Badminton is what is called a "cutting" sport or a sport that requires stop-and-go rapid changes in direction. This can be challenging for strong athletic knees, but it can be deadly for middle-aged out-of-shape knees.


It doesn't help either if you don't wear the correct shoes. In badminton, you need to be able to lunge and pivot quickly in all directions so you need a shoe that allows you to "slide" on the court. If you want to visit the emergency room for an ankle or knee injury, wear running or basketball shoes while playing badminton.


However, Canlas says that competition level badminton shoes may not be the answer because they don't have enough arch support and they allow too much of a sliding motion for beginner players.


This is confirmed by a Danish study on badminton injuries by Uffe Jorgenson of the University of Copenhagen. Jorgenson writes, "Most shoes have a flat heel, low shock absorption and give no support to the foot." He recommends a shoe that has less friction between the sole and the playing surface but that has "a higher heel, has shock absorption, and a stiffer, anatomically fitting heel counter". Unless you can find a brand of badminton shoes that has these features, a tennis shoe is probably your best bet.


Sports injuries are divided into acute or traumatic injuries and chronic or overuse injuries. Acute injuries happen suddenly and accidentally and there is an easily identified reason. For example, you sprain your ankle because you trip over your shoelaces or your doubles partner smacks you in the face with his racquet.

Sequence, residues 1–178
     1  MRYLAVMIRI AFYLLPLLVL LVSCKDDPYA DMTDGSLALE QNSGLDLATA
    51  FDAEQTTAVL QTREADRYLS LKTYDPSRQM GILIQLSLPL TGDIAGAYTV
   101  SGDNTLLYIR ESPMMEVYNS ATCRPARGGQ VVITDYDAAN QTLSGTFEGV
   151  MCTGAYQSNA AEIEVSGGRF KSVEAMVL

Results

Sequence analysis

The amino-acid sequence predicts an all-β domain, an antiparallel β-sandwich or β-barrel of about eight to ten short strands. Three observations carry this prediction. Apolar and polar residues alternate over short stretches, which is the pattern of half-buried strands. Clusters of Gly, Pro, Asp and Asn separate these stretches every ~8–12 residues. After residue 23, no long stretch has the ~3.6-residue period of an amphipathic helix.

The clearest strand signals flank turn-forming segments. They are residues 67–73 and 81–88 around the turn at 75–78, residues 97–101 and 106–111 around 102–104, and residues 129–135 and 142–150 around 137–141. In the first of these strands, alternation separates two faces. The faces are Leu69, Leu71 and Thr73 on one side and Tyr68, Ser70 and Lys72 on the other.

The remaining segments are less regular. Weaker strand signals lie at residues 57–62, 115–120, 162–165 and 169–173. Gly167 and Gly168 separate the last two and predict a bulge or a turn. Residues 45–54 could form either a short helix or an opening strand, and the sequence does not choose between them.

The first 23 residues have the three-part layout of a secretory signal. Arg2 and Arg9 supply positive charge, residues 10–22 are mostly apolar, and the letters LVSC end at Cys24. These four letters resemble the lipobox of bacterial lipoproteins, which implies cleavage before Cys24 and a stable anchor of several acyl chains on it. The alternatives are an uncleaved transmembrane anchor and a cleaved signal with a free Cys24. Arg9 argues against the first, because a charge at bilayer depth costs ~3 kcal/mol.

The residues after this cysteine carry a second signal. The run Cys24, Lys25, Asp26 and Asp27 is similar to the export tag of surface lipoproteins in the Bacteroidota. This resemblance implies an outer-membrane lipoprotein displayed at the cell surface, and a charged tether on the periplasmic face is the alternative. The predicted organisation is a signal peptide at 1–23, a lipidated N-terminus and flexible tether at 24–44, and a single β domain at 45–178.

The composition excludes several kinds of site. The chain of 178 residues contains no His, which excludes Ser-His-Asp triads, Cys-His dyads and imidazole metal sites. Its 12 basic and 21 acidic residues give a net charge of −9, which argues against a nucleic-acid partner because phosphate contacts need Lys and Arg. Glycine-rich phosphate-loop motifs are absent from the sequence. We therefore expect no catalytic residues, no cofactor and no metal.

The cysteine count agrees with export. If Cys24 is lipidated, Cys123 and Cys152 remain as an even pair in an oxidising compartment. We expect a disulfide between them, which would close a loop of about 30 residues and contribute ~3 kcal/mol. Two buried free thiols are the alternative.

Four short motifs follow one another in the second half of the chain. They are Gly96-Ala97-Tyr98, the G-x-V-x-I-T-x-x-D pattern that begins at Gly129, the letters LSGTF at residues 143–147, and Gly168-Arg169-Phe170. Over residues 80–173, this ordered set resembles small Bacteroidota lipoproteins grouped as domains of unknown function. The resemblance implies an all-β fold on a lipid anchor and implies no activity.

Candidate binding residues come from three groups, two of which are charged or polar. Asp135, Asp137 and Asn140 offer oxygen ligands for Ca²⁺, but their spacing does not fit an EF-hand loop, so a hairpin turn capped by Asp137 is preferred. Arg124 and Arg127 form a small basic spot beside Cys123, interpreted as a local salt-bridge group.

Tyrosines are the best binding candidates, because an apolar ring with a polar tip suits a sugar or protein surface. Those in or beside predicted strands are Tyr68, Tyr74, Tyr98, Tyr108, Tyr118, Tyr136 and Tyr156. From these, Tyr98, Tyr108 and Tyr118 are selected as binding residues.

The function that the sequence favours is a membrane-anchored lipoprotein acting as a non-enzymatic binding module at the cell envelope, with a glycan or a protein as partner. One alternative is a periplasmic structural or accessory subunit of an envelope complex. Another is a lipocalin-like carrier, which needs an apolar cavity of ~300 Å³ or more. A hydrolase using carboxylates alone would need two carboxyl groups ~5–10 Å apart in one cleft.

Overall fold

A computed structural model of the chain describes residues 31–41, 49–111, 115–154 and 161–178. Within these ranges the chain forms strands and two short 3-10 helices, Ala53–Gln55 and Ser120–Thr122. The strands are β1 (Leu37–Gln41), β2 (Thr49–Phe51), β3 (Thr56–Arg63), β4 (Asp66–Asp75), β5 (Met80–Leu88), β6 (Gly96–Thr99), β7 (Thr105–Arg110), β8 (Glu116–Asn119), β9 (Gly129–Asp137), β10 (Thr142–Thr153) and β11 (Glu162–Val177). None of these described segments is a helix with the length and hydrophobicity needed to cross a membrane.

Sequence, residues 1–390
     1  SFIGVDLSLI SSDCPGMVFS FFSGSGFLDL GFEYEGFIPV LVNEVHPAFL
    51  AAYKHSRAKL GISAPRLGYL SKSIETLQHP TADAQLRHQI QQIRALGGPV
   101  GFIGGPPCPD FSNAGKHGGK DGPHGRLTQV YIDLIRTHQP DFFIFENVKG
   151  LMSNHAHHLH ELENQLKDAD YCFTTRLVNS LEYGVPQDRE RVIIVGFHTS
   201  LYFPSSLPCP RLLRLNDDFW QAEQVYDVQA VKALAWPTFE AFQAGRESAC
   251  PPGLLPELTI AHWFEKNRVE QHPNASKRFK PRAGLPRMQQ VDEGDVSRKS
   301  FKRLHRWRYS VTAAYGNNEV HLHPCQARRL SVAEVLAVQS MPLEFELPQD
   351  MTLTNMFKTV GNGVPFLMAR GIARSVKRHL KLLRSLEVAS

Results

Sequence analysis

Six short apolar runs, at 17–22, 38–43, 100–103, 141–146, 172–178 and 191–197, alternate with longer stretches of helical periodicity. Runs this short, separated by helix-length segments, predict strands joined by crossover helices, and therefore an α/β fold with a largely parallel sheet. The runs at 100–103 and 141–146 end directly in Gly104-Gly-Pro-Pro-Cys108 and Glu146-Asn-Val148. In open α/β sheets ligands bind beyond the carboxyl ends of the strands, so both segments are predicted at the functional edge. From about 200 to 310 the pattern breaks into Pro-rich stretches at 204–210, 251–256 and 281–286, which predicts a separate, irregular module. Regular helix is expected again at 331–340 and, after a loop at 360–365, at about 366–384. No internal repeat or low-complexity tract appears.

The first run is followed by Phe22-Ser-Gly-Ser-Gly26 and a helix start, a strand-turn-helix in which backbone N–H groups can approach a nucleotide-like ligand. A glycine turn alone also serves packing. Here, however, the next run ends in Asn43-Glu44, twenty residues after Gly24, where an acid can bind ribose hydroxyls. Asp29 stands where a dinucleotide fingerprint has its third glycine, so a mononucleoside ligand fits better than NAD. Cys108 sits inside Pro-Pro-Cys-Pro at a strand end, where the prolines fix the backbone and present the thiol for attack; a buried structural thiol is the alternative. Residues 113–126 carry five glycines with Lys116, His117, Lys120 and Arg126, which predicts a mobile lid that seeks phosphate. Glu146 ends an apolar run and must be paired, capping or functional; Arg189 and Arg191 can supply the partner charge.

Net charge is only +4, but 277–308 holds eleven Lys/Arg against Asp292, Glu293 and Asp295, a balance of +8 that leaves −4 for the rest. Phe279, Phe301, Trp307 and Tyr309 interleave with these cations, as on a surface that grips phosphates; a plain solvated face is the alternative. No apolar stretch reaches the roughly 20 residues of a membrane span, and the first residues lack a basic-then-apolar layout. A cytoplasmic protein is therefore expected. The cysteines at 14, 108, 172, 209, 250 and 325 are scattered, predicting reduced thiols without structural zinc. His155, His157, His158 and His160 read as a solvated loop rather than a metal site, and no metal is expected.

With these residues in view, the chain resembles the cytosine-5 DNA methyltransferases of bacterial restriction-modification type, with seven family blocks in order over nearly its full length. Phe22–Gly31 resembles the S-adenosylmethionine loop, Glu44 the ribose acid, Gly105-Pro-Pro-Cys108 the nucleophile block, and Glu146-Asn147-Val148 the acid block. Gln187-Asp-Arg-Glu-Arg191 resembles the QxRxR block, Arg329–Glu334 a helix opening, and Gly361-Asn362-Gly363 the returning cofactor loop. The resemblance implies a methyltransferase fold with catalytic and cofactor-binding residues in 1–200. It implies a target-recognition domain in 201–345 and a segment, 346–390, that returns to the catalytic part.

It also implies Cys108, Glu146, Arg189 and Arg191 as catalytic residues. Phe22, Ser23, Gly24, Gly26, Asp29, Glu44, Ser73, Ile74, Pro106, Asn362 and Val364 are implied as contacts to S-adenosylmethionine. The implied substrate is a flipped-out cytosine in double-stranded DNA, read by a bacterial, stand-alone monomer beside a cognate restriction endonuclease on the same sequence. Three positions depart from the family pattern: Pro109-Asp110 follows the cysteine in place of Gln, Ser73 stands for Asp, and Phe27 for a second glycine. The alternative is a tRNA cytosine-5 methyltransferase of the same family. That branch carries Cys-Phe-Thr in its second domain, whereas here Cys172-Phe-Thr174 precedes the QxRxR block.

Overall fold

Chronic injuries are those that take a while to develop and sort of creep up on you. For example, your knees start to ache because of all the lunging movements that are a necessary evil in badminton. Instead of correcting your lunging technique, strengthening the muscles around your knee, and checking with an orthopedic doctor if you have abnormal knee alignment, you ignore the aching feeling. After a while, your knees start hurting when you climb the stairs or you sit too long in one position. Eventually, you can't play badminton anymore because your knees are just too painful.


Badminton is a popular sport in England and its former colonies as well as the Scandinavian region so most of the research on badminton injuries comes from these countries. According to the studies, the most dangerous traumatic injury that can occur in badminton is an injury to the eye. While eye injuries are not as common as ankle or knee problems, they are nevertheless worth mentioning because of the potential damage to the eyesight.


A Malaysian study called badminton the sport that presented the "greatest ocular hazard" in that country. A Canadian study published in the Physician and Sports Medicine Journal found that badminton accounted for 30% to 58% of all racquet sport eye injuries in Canada during a ten-year period.


Seventy percent of all badminton-related eye injuries happen during a doubles game. The person most at risk is the one near the net who either gets hit straight in the eyes by the opponent's shuttlecock or gets hit by the racquet or shuttlecock of his or her partner. A study in the British Journal of Opthalmology suggested that the "forward player should hold the racquet in front of the face while awaiting the return stroke, particularly if a high lob has been delivered when a smash return is probable". Another study says to avoid looking behind at your partner.